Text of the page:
The Great Recession has only accelerated deeper structural changes to our economy when it comes to low-wage employment. While many good paying jobs were lost during the Great Recession many of the new jobs have come in the form of low-wage employment. Large organizations have used this slack in the market to reduce wages, cut benefits, and ultimately increase profits at the expense of the American worker. A Job Gap Study found that close to 40 percent of all U.S. employment pays $15 or less. The threshold changes in terms of inflationary pressures on housing, food, and other items but this is the largest share of our workforce that is now struggling to meet the daily costs of living. This trend is only increasing as more wealth is filtered into the hands of a very small part of our population. Banking profits hit another record at the same time we have a record number of families on food stamps. The U.S. is largely becoming a bifurcated economy where wealth and income inequality is only getting more dramatic. For every employment opportunity that opens where pay is $15 or more you have 7 job-seekers to this one position.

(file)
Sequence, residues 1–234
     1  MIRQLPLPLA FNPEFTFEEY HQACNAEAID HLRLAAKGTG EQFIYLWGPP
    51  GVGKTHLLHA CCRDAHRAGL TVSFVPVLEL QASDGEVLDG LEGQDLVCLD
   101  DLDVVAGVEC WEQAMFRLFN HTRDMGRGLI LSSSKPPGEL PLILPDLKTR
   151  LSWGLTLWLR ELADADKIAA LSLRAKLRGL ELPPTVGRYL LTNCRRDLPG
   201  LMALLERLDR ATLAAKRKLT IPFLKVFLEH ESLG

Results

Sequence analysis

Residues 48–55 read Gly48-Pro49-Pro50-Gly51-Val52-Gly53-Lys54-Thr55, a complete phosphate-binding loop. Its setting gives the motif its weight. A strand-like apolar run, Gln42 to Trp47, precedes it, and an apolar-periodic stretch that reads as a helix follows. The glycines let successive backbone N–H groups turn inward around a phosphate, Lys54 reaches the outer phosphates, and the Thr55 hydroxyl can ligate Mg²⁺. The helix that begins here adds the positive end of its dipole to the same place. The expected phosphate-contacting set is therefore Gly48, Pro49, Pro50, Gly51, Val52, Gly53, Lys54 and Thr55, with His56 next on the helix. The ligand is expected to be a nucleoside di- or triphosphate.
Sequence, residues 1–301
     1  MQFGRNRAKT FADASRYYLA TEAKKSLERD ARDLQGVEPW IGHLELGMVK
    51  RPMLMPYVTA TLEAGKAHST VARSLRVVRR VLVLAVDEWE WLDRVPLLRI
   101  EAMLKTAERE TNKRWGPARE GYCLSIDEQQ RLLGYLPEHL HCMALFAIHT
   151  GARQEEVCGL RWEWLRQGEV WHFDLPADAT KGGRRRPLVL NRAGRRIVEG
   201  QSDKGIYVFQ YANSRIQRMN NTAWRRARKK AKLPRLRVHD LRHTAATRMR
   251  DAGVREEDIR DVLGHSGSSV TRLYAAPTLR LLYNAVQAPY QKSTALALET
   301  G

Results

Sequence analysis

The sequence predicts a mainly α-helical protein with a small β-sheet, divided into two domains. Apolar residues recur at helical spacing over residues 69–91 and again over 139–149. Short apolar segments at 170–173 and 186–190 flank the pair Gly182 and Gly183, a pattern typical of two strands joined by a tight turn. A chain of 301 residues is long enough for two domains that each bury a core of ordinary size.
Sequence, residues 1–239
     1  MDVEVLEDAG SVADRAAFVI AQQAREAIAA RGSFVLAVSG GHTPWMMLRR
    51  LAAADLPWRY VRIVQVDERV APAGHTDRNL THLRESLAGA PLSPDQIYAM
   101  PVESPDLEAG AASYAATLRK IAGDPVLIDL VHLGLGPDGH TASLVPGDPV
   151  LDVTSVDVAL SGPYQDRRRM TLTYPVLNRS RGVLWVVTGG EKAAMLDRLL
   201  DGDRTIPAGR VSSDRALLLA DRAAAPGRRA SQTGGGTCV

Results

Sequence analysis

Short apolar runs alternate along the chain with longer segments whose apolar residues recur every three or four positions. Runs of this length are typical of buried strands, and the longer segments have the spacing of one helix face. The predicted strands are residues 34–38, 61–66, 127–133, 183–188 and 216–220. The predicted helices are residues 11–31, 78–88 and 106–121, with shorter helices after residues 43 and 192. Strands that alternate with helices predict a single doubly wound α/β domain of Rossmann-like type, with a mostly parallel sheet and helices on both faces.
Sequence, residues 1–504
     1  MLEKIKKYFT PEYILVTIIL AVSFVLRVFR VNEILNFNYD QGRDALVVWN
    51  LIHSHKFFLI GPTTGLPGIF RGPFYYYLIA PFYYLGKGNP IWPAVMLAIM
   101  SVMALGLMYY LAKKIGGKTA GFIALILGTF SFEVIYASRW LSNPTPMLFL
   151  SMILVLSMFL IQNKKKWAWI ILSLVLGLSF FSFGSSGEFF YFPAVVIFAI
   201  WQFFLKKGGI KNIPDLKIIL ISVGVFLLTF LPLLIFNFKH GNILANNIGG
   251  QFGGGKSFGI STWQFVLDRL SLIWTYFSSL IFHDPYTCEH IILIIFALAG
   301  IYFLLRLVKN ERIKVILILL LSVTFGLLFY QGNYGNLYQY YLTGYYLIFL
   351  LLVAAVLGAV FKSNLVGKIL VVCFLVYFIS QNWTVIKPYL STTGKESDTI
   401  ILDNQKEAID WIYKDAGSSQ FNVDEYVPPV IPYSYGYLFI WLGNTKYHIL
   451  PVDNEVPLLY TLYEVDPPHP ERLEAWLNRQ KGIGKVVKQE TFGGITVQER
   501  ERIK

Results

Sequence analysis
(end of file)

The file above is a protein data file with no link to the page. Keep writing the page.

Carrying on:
The big economies cannot avoid a soft default as they face their debt reckoning: U.S. and other central banks battle it out for artificially low interest rates on unsupportable levels of debt.
Would you lend money to someone that you knew would never pay you back? The answer is, probably not unless you are okay with burning through hard earned cash. The global central banks unfortunately have entered into terminal velocity when it comes to debt support. The U.S. carries a stunning $17.51 trillion in total public debt. This is bigger than the annual GDP of the largest economy in the world but this pattern is not only in the domain of the U.S. Other central banks like the Bank of Japan and European Central Bank have also entered a mode where digital money printing is the only way out. Everyone does realize that this $17.51 trillion is never going to be paid back right? The Fed needs to push rates low in whatever method it can because the interest payments on the total outstanding debt would crush our economy alone. The Fed is mainly looking out for this when it comes to facing the debt reckoning and why we are witnessing inflation in debt based items like housing and higher education. It should be clear that many large economies are simply in a soft default already. In other words, they can only pay their debt by financial chicanery.